Let X be a real orientable compact differentiable manifold. Is the (co)homology of X generated by the fundamental classes of oriented subvarieties? And if not, what is known about the subgroup generated?

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    $\begingroup$ Do you mean submanifolds, not subvarieties? $\endgroup$ Feb 20, 2010 at 5:55
  • 7
    $\begingroup$ Yes, I meant submanifolds. The two words are interchangeable in italian, and I sometimes mix them up :-) $\endgroup$ Feb 20, 2010 at 10:38

3 Answers 3


Rene Thom answered this in section II of "Quelques propriétés globales des variétés différentiables." Every class $x$ in $H_r(X; \mathbb Z)$ has some integral multiple $nx$ which is the fundamental class of a submanifold, so the homology is at least rationally generated by these fundamental classes.

Section II.11 works out some specific cases: for example, every homology class of a manifold of dimension at most 8 is realizable this way, but this is not true for higher dimensional manifolds and the answer in general has to do with Steenrod operations.

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    $\begingroup$ Are you aware of an explicit example where n>1 is needed? that is, an example of a cohomology class which is not the fundamental class of a manifold, but some multiple of it is? $\endgroup$
    – Alon Amit
    Oct 20, 2009 at 21:39
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    $\begingroup$ Every class in H<sub>k</sub>(X) is realizable for k <= 6 or k >= n-2, so the first possible example is H<sub>7</sub>(X) for X a 10-manifold. Apparently the 10-dimensional Lie group SP(2) provides such a class; this is constructed in "Cycles, submanifolds, and structures on normal bundles" by Bohr, Hanke and Kotschick, arXiv:0011178. $\endgroup$ Oct 20, 2009 at 22:18
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    $\begingroup$ Despite the generic-sounding name, this is a landmark paper in algebraic topology. Besides answering this question, it also computes (for the first time?) the cobordism ring of unoriented manifolds. $\endgroup$ Oct 21, 2009 at 0:16
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    $\begingroup$ As discussed here math.stackexchange.com/questions/281931/… and here mathoverflow.net/questions/21171/… this answer doesn't sound quite right; for instance, no integral multiple of $2[S^1]$ is the fundamental class of a submanifold of $S^1$). The relevant result in Thom's paper is Theorem II.4; one needs some hypotheses on the dimensions of the homology class $x$ and of the manifold $X$. $\endgroup$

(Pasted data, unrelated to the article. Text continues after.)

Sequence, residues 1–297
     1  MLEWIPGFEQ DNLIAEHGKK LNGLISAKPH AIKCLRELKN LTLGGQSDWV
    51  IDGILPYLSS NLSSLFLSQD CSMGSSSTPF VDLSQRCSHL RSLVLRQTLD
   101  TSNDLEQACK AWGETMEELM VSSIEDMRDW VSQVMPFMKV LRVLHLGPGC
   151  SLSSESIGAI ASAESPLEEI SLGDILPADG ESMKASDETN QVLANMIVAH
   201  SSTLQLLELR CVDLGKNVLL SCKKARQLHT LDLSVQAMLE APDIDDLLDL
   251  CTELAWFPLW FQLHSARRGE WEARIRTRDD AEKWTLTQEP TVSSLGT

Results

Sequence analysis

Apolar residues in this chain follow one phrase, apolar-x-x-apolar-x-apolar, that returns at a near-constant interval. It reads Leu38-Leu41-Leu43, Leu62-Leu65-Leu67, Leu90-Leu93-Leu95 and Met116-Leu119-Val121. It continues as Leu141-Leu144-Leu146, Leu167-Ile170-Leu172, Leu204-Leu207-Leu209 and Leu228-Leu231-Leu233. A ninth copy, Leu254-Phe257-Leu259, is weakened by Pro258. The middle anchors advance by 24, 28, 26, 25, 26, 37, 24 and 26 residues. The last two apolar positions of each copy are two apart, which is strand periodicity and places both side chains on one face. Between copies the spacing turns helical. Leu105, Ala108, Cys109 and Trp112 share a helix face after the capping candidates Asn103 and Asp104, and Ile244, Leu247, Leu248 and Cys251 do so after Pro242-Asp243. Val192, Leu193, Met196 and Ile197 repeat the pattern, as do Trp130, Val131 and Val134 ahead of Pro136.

– Dan Ramras
    Jan 22, 2013 at 7:54
  • $\begingroup$ One should note that some multiple of any given homology class can be represented as the image of some fundamental class of some manifold under some continuous map into the space; see, e.g., the following article of Gaifullin: arxiv.org/abs/1201.4823 $\endgroup$
    – AlexE
    Jan 5, 2017 at 16:21

This is a reply to Alon's comment, but it's too long to be a comment and is probably interesting enough to be an answer.

Here's an example Thom gives of a homology class that is not realized by a submanifold: let $X=S^7/\mathbb Z_3$, with $\mathbb Z_3$ acting freely by rotations, and $Y=X \times X$. Then $H^1(X;\mathbb Z_3)=H^2(X;\mathbb Z_3)=\mathbb Z_3$ (and they are related by a Bockstein); let $v$ generate $H^1$ and $u=\beta v$ be the corresponding generator of $H^2$. Then it can be shown that the class $$u \otimes vu^2 - v \otimes u^3 \in H^7(Y;\mathbb{Z}_3)$$ is actually integral (i.e., in $H^7(Y;\mathbb{Z})$), and its Poincare dual in $H_7$ cannot be realized by a submanifold (in fact, it can't be realized by any map from a closed manifold to $Y$, which need not be the inclusion of a submanifold). This is a natural example to consider because the first obstruction to classes being realized by submanifolds comes from a mod 3 Steenrod operation, and these are easy to compute on $Y$ because $X$ is the 7-skeleton of a $K(\mathbb Z_3,1)$. Note that the class in question is 3-torsion, so trivially 3 times it is realized by a submanifold.

  • $\begingroup$ Is it possible that u and v are switched in the formula for the class in question? The formula here seems to be a class in $H^5$, not $H^7$ and, moreover, it appears to be $0$ (because $u^2=0$.) $\endgroup$ May 11, 2021 at 13:51
  • $\begingroup$ Good catch; that's exactly what happened (or rather the dual--I switched them when first defining them)! For anyone who wants to follow along in Thom's paper, this example is on the bottom of page 62 and the top of page 63. $\endgroup$ May 11, 2021 at 15:32

According to an article in The Geometry and Topology of Submanifolds and Currents, edited by Weiping Li and Shinshu Walter Wei

The lack of suitable representatives in smooth homology by submanifolds was 'partial motivation' for Federer to introduce rectifiable homology by defining

• the chain groups as:

$Z_{i}(A,B):=\{T\in R_{m}(\mathbb{R}^{n},\mathbb{Z}): \partial T\in R_{m-1}(\mathbb{R}^{n},\mathbb{Z}),spt(T)\subset A$ and $spt(\partial T)\subset B\}$

• the boundary groups as

$B_{i}(A,B):=\{\partial T:T\in Z_{i+1}(A,A)\}$

And the homology groups as usual by $H_{i}(A,B):=Z_{i}(A,B)/B_{i}(A,B)$

(Here, $A$ & $B$ are both compact Lipschitz neghbourhood retracts (of $\mathbb{R}^{n}$) and we have $B\subset A$).

He showed that it satisfied the Eilenberg-Steenrod axioms, and hence is isomorphic to singular homology; and that every homology class in this homology contains a mass-minimising rectifiable representative. Thus we should see Federers notion of rectifiable currents as an appropriate generalisation of submanifold which allows us to identify homology classes with special sub-manifolds.


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